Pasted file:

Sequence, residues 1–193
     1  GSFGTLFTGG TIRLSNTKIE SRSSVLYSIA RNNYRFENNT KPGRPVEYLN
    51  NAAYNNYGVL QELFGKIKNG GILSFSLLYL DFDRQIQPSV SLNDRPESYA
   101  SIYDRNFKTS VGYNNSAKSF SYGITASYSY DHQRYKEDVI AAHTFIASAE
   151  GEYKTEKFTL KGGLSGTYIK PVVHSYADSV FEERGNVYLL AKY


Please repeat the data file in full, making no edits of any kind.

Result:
Sequence, residues 1–193
     1  GSFGTLFTGG TIRLSNTKIE SRSSVLYSIA RNNYRFENNT KPGRPVEYLN
    51  NAAYNNYGVL QELFGKIKNG GILSFSLLYL DFDRQIQPSV SLNDRPESYA
   101  SIYDRNFKTS VGYNNSAKSF SYGITASYSY DHQRYKEDVI AAHTFIASAE
   151  GEYKTEKFTL KGGLSGTYIK PVVHSYADSV FEERGNVYLL AKY